PIMCO’s Gross Slaps U.S. With Scarlet ‘A’ for Budget Abuse; Offers Steps to Remove It

Citing Davy Crockett, Gross mournfully notes, ‘The time for funnin is over,’ now that the latest debt ceiling debate has been settled.

PIMCO Chief Bill Gross. PIMCO Chief Bill Gross.

Citing Davy Crockett, PIMCO founder Bill Gross mournfully notes in his monthly commentary, “The time for funnin is over,” now that the latest debt ceiling and budget debate has been settled.

“Figurative coonskin cap on head, I echo the sentiments of Davy Crockett–Indian fighter, Alamo defender and Tennessee Congressman…,” Gross begins, in the folksy style now his trademark. “The debt ceiling may have been raised and the palpable sighs of relief heard across global financial markets, but the fun times are over. They’ll be no jokes from Bill Gross today, nor across this land for years to come I suspect.”

Even though the U.S. has managed to avert a debt crisis and perhaps a ratings downgrade, he claims, “there remains a stain on our reputation, a scarlet ‘A’ for budgetary ‘abuse,’ that will not disappear. The whole world was watching, and what they saw was a dysfunctional government taking its country to the financial precipice and backing off at the very last moment.”

Echoing similar sentiments made Sunday by his colleague Mohammed El-Erian, PIMCO’s CEO (before news of a budget agreement was offcially announced), Gross also notes, “Nothing in the Congressional compromise reached over the weekend makes a significant dent in our $1.5 trillion deficit.”

Using bold font for emphasis, Gross writes, “The press and most professional investors are accustomed to measuring “paper” debt as opposed to walking/living liabilities in the form of people. I call these liabilities “debt men walking” because as long as 330 million living Americans require promised entitlements–the $66 trillion that wear shoes are as much of a liability as the $10 trillion on paper.”

So how to reduce that $66 trillion? Gross isn’t all dark clouds and rainy days (to mirror his parlance), and offers up “prominent tools” government can use to reduce its debt, absent outright default. Of course, they come with a price, in that as government wins by shoring its balance sheets, investors lose with lower returns and higher taxes.

  1. Balance the budget/growth: “The current Congressional compromise is but one small step for fiscal solvency. There is no giant leap for mankind anywhere on the horizon. Trillions of further spending cuts, and yes trillions of tax hikes, are necessary to stabilize our “official” debt/GDP ratio of 90% or so.”
  2. Unexpected inflation: “Central bankers, not just in the U.S., but the U.K., have long been arguing for a reversion of headline 3% CPI numbers to the 2% or lower “core” standard expectation. “Patience,” they argue, but “prudence” might be the better watchword.… Inflation is the result no matter how you coin it, which puts more money in government coffers to pay their bills and less money in your pocket to pay yours.”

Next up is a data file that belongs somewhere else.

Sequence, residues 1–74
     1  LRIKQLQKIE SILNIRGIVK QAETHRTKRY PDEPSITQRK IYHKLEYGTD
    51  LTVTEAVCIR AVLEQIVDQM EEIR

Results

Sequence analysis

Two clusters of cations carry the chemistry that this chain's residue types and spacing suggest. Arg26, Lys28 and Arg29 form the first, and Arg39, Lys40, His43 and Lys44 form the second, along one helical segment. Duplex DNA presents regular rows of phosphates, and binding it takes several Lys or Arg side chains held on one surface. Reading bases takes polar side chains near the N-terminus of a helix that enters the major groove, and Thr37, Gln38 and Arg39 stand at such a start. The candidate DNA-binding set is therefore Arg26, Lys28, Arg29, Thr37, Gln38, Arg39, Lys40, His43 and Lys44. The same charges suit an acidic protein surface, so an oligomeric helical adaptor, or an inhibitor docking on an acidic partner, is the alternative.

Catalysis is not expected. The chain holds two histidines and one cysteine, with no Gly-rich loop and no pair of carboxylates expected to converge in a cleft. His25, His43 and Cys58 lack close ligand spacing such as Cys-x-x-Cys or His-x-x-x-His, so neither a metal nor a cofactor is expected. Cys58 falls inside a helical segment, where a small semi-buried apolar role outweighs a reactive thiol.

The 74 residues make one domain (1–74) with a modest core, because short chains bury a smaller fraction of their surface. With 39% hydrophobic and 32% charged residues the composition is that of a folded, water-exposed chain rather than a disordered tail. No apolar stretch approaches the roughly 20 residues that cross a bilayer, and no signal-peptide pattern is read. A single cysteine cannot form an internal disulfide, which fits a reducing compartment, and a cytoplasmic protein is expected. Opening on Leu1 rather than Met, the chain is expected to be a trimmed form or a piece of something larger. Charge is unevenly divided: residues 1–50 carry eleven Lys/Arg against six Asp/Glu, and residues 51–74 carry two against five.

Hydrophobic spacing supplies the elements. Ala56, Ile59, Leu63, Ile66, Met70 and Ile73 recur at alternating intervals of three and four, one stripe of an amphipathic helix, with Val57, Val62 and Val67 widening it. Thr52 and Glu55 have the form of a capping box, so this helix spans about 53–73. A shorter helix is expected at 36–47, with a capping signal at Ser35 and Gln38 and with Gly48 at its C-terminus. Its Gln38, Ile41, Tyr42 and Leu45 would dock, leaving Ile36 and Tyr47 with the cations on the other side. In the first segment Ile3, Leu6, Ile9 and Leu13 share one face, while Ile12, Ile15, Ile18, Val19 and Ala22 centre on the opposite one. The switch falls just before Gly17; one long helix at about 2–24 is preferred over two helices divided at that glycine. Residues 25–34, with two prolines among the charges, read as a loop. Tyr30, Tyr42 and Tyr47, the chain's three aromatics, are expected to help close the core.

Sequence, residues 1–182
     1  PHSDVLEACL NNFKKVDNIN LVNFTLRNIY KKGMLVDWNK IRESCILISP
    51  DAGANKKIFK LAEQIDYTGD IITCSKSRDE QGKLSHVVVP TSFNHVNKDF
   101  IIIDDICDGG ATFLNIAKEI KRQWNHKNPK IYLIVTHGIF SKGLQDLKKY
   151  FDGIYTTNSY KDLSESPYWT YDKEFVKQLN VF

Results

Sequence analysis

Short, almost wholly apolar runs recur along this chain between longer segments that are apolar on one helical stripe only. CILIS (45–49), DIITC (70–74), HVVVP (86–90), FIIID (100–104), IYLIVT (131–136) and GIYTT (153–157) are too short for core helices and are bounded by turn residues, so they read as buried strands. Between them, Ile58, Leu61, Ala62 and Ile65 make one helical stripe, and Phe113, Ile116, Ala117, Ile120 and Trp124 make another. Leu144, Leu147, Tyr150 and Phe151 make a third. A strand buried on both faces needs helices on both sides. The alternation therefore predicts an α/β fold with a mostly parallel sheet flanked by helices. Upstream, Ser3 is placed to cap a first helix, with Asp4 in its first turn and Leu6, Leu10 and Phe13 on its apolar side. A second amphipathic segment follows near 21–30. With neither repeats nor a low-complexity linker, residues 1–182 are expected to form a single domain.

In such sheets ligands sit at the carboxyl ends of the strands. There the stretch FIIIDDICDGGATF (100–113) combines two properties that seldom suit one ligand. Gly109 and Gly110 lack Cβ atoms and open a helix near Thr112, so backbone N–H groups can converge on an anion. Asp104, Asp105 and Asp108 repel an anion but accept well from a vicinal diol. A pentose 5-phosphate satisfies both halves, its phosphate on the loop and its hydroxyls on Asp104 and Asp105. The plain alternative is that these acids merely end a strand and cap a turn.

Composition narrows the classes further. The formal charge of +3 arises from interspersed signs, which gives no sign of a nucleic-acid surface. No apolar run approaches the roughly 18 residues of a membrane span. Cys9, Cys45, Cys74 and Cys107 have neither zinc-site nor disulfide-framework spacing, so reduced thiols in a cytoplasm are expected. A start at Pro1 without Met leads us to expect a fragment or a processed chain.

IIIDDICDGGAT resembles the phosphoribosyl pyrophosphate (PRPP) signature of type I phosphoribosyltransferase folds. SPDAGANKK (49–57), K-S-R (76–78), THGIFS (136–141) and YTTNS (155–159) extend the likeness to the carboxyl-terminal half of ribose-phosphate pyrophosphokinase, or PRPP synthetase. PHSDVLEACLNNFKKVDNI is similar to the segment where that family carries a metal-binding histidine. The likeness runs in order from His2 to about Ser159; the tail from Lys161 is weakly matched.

3. Currency depreciation: “High deficits, both fiscal and trade, combined with low interest rates for extended periods of time produce declining currency valuations against more prosperous, and more policy-conservative competitor nations. Few Americans are aware that the dollar’s recent 12-month depreciation of over 15% is an explicit tax on their standard of living. Uncle Sam, the government overseer, benefits enormously: one rather clever way for the U.S. to pay its bills to foreign creditors is to pay them in depreciated dollars.”
  4. Financial Repression via low/negative real interest rates: “I have commented on this Carmen Reinhart, commonsensical technique in prior Outlooks. If the Treasury is borrowing money from you or PIMCO at 0.05% for the next six months and CPI inflation is averaging 3%, then lenders/savers are being shortchanged beyond even rather egregious historical examples.”

“Favor countries with cleaner ‘dirty shirts’ and higher real interest rates: Canada, Mexico, Brazil and Germany come to mind,” Gross concludes. “Shade equity and fixed income investments away from dollar based indexes towards those of developing nations with stronger growth prospects. Purchase commodity based real assets before reserve surplus nations do. And above all, don’t be lulled to sleep by Congressional law makers that promise a change in Washington. The last change I believed in was on Election Day 2008, and that turned out to be more fiction than reality.”

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